Facebook – https://www.facebook.com/sallyjenkinsauthor

Newsletter – http://eepurl.com/AHkMP

About Little Museum of Hope

A jar of festival mud, a photo album of family memories, a child’s teddy bear, a book of bell ringing methods, an old cassette tape, a pair of slippers …

These are the items that fill the exhibit shelves in Vanessa Jones’ museum. At first glance, they appear to have nothing in common, but that’s before you find out the stories behind them …

Because Vanessa’s Little Museum of Hope is no ordinary museum – its aim is to help people heal by donating items associated with shattered lives and failed relationships, and in doing so, find a way to move on, perhaps even start again.

The museum soon becomes a sanctuary for the broken hearts in Vanessa’s city, and she’s always on hand to offer a cup of tea, a slice of cake and a listening ear.

But could the bringer of Hope need a little help moving on herself?

Buying link: https://www.amazon.co.uk/Little-Museum-Hope-Guaranteed-heartstrings-ebook/dp/B0BW4SZXRQ/

Little Museum of Hope is now available on Kindle Unlimited!

Good luck with your book, Sally and bravo for persevering! Mx

Thank you for visiting my blog – Morton S. Gray – Author. I hope you enjoyed this post. You can also find me on Facebook, Twitter and Instagram.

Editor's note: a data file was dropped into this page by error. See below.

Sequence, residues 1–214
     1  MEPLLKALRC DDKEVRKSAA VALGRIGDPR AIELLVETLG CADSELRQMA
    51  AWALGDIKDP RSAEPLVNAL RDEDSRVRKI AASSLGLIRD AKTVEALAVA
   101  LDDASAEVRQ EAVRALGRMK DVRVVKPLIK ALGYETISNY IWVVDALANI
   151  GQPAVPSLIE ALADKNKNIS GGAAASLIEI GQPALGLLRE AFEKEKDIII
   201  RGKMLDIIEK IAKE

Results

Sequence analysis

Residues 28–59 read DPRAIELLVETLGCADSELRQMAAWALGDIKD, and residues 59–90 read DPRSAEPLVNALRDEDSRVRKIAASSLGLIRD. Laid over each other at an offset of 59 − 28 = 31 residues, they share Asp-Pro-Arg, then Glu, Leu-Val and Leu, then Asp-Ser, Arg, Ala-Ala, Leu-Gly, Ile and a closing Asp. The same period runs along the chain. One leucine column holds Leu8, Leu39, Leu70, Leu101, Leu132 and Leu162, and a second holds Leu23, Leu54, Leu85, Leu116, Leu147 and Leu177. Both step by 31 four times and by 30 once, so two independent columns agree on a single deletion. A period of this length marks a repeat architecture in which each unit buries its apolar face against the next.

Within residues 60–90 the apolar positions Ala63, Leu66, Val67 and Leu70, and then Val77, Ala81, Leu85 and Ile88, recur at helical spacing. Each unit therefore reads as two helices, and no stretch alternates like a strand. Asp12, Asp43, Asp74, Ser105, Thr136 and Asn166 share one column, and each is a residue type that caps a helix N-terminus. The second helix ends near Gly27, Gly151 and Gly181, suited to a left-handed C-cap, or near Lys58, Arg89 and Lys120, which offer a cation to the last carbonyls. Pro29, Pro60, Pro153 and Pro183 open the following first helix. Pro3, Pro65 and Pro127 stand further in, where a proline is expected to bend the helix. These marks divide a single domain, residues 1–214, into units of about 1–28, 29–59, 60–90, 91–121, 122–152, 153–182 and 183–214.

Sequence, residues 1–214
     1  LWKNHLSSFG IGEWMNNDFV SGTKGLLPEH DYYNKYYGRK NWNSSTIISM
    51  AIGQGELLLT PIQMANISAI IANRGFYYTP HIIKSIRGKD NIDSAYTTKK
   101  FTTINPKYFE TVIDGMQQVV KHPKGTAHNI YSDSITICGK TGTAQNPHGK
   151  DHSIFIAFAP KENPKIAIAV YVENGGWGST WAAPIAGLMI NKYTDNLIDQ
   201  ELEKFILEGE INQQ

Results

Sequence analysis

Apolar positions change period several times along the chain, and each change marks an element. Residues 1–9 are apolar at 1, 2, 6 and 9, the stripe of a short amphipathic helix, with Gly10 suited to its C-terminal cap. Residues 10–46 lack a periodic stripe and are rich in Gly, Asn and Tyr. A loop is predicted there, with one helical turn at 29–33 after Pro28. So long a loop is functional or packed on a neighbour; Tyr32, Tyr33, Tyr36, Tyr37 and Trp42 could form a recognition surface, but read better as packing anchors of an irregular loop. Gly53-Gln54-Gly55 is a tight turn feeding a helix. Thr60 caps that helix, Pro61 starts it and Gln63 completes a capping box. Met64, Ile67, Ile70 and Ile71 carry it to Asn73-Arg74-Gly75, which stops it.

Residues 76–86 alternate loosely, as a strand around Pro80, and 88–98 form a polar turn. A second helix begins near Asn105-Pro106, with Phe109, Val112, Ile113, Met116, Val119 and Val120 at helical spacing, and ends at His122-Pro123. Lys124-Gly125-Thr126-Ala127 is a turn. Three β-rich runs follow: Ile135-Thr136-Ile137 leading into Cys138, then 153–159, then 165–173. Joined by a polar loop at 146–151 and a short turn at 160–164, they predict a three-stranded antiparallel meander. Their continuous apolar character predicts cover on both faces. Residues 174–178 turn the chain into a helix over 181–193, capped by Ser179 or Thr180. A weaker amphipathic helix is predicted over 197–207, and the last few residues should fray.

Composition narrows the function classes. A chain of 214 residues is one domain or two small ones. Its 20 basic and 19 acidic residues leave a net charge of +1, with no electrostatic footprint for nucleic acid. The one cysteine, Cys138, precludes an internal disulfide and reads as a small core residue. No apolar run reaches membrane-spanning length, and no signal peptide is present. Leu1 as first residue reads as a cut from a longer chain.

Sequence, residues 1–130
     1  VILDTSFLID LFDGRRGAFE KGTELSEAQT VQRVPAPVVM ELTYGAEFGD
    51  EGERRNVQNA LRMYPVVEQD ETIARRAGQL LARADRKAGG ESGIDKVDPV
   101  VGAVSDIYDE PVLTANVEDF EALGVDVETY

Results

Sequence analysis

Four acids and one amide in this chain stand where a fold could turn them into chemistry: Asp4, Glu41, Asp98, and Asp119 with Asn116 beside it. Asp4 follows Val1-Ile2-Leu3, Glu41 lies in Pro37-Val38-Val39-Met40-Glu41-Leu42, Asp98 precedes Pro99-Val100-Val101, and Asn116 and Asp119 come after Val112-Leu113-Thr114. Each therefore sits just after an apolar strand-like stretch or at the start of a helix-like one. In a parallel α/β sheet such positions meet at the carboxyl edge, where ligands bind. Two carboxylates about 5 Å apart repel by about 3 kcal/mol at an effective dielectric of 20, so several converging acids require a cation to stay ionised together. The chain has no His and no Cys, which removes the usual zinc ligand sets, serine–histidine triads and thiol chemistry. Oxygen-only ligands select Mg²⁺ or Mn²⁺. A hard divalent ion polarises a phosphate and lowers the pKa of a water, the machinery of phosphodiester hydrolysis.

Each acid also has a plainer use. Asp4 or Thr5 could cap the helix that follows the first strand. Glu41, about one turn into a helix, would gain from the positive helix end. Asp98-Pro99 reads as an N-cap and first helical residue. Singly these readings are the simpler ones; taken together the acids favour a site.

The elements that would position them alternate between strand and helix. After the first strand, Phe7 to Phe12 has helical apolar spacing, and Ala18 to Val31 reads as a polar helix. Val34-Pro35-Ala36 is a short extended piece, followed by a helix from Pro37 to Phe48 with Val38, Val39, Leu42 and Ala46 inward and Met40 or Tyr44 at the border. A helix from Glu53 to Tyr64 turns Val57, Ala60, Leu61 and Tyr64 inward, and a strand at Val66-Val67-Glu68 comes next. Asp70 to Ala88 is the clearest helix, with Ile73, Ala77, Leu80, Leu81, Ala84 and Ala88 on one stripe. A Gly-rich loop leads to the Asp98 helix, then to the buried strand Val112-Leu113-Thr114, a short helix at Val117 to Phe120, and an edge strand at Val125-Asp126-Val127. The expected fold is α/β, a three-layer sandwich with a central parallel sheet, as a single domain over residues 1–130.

Morton S. Gray news – all of my six Borteen Novels are now available on Kindle Unlimited! Details here

Summer at Lucerne Lodge – Now available on Kindle Unlimited 

Christmas at the Little Beach Cafe – Now available on Kindle Unlimited 

Sunny Days at the Beach – Now available on Kindle Unlimited 

Christmas at Borteen Bay – Now available on Kindle Unlimited 

The Truth Lies Buried – Now available on Kindle Unlimited 

The Girl on the Beach – Now available on Kindle Unlimited 

Published by Choc Lit an imprint of Joffe Books

By Morton S. Gray

Author of romantic suspense novels. http://mortonsgray.com


  1. Fascinating glimpse into the inspiration behind a novel and an author’s dogged determination. The message is “never give up”. I think Jane Cable will be interested in this blog as she has visited this museum in Zagreb. Thanks for sharing.

    Liked by 2 people